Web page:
Two dates are involved in such a transaction. A foreign exchange market participant would normally want to buy one currency and sell another. you obtain the Hong Kong dollars that you have bought immediately. because two currencies are involved in the transaction. When you use the services of a moneychanger at Melbourne Airport to exchange some Australian dollars for Hong Kong dollars because you are about to board a plane to Hong Kong. For simplicity. the underlying operation is called a spot transaction. Confusion may arise because the exchange rate is the price of one kind of money in terms of another kind of money. see the box below. The commodity that is traded on the foreign exchange market is ‘foreign exchange’. currencies and bank deposits denominated in various currencies. then the underlying operation is a forward transaction. such as Currenex (April 2000). 2. If the delivery takes place some time in the future. on the other hand. the done date or the trade date) is the date on which the transaction is concluded at . This is also called a cash transaction. In an interbank transaction.• More recent developments pertain to online foreign exchange trading. meaning at once. the dealing date. and so we define the spot exchange rate as the rate applicable to transactions involving immediate exchange of the currencies. This is still regarded as an immediate delivery. For more details. The spot exchange rate The function of a market is the determination of the price of the commodity in which it is traded.5 When the exchange of currencies takes place immediately. we will just call them currencies. typically (but not necessarily) the domestic and a foreign currency. Fxall (May 2001) and Atriax (August 2000). The word ‘immediate’ means different things.The first (called the contract date. including the emergence of Internet-based multidealer foreign exchange services. each bank will in two business days credit the other’s account with the prescribed currency and amount agreed upon. and so the underlying exchange rate is a spot exchange rate.The price of one currency in terms of another is called a bilateral exchange rate.When a transaction between two bank dealers is concluded today. but rather in two business days (where a business day is a day on which banks and other foreign exchange market participants are open for business). the exchange of currencies does not take place at once.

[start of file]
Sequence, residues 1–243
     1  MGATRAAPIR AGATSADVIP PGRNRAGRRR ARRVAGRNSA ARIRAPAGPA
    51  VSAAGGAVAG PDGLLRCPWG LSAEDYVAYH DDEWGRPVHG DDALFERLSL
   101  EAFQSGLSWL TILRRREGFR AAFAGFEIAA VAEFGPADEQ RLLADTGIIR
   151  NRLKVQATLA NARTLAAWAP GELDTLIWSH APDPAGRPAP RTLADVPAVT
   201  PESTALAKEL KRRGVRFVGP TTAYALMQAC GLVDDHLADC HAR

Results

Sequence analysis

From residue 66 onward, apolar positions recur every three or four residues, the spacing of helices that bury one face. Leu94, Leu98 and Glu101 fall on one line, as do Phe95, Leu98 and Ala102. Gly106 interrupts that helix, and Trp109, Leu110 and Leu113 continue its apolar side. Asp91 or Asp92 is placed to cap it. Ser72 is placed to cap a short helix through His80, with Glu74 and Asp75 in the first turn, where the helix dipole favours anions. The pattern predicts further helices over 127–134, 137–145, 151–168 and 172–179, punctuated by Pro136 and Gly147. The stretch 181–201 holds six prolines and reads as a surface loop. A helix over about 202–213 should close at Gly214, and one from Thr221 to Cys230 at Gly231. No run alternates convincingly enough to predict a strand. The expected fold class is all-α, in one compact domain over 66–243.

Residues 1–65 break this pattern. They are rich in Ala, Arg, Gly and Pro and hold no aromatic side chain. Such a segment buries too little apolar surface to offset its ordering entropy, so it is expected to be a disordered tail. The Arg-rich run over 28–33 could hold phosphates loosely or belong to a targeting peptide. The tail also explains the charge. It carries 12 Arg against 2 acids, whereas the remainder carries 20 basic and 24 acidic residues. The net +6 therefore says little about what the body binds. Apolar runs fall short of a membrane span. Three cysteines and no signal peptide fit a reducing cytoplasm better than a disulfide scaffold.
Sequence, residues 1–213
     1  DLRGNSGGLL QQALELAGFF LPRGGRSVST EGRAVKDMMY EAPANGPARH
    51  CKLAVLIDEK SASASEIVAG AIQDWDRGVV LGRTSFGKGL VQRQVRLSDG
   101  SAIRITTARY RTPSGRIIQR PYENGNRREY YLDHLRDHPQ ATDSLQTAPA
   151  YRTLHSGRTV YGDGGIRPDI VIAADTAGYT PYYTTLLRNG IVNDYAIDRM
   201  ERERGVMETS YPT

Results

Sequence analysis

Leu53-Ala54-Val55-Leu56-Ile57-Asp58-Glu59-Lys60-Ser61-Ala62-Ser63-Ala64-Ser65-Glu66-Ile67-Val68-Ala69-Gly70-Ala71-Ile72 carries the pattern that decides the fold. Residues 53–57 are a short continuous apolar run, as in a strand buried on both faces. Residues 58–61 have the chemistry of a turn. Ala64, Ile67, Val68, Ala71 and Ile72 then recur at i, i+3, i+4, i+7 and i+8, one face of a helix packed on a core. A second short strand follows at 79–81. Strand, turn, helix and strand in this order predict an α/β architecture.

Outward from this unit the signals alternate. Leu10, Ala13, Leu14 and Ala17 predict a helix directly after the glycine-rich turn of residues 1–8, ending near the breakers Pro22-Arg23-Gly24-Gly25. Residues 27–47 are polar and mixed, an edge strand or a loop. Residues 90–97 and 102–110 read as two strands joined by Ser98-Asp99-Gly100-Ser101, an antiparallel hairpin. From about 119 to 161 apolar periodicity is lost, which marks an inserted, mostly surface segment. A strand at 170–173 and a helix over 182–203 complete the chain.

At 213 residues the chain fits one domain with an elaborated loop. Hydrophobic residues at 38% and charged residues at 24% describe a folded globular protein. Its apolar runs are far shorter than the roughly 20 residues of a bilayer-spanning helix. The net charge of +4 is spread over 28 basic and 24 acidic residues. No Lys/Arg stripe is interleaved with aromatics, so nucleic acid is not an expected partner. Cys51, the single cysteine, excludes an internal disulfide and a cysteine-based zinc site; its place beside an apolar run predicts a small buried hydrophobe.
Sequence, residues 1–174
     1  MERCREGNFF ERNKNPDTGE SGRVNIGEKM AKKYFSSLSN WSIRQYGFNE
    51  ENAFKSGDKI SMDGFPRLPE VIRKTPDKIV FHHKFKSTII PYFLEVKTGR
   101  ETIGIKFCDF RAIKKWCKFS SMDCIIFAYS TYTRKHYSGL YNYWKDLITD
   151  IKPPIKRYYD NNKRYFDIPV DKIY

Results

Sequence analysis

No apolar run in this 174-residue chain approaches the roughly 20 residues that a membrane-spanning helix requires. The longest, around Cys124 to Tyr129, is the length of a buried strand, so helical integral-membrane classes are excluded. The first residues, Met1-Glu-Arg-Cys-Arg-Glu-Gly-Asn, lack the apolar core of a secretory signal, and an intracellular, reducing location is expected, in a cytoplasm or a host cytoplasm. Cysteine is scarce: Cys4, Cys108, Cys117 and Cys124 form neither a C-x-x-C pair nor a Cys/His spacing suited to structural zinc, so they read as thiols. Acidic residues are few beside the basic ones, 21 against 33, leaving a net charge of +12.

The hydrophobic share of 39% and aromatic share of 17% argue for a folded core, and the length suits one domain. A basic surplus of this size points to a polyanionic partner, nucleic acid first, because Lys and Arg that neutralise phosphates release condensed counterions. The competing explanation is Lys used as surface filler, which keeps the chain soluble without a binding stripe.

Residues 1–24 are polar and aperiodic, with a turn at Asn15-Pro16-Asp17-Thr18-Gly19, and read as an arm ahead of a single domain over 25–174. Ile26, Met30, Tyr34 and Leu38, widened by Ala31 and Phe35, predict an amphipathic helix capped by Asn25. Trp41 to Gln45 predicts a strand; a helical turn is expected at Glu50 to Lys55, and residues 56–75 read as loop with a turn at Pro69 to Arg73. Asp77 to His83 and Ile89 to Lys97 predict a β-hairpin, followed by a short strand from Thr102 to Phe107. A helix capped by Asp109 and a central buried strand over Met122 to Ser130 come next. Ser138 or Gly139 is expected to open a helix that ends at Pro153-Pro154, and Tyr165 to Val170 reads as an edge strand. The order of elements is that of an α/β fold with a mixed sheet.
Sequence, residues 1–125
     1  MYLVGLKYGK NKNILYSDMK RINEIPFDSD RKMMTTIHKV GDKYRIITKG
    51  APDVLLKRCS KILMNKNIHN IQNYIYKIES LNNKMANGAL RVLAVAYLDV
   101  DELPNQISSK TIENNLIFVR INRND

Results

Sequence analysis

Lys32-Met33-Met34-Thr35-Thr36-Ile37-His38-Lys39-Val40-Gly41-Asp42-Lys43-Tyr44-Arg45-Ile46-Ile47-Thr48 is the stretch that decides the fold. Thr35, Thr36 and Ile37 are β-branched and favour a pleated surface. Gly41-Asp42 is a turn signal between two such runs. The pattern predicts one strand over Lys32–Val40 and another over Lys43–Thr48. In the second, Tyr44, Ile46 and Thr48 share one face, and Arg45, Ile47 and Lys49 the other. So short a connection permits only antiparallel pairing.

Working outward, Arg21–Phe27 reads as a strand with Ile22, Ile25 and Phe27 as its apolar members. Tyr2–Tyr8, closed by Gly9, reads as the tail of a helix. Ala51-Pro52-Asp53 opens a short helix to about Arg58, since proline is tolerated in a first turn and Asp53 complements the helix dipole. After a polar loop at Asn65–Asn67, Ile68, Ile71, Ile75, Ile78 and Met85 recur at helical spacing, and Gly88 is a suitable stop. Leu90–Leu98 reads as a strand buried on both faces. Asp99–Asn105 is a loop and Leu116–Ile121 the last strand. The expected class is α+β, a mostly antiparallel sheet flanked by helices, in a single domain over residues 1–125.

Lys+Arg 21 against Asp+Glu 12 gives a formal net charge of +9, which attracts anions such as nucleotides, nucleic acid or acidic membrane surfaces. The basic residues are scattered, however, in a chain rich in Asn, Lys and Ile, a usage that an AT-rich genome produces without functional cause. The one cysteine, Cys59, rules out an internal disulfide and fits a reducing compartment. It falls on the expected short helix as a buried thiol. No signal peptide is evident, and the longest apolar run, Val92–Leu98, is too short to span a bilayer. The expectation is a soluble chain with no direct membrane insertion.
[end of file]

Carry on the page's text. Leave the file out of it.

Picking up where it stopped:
This contract can be terminated at a predetermined date.The exchange rate prevailing in the market may actually change between the two dates. forward contracts of maturities longer than one year can also be found. in maturities of one month. This exchange of currencies is described in Figure 2. and so on. The forward exchange rate The forward exchange rate is a rate contracted today for the delivery of a currency at a specified date in the future. whereas B credits A’s account with USD500 000.This system began operations in 1977.50 US cents per Australian dollar. It may also be called forward with optional exit.The two dealers nominate bank accounts to which the proceeds of the transaction will be credited. If the delivery takes place one week after the transaction has been concluded. otherwise the underlying transaction will be a spot transaction.A and B. On Wednesday. connecting over 3000 commercial and investment banks in over 60 countries. two months. no matter what happens. but. the Society for Worldwide Financial Telecommunication. However. A credits B’s nominated account with AUD1 000 000. which falls two business days later.Typically.The second date.This date in the future (called the forward value date) must be more than two business days away. it is often possible to exchange currencies on the business day following the transaction date (called a value-tomorrow transaction or next-day transaction) and sometimes on the transaction date itself (called a value-today or same-day transaction). The settlement of interbank transactions normally takes place via an electronic settlement system such as SWIFT. However. is called the delivery date or value date.the exchange rate prevailing on the same date. Suppose that two dealers. the exchange of the currencies takes place at the exchange rate agreed upon when the transaction is concluded. forward contracts extend up to one year. . abbreviated as FOX. then the underlying rate is a one-week forward rate.5. agree on Monday on a deal whereby A sells to B AUD1 million at a spot exchange rate of 0. A special kind of forward contract is called a break forward contract. thus providing protection against adverse exchange rate movements.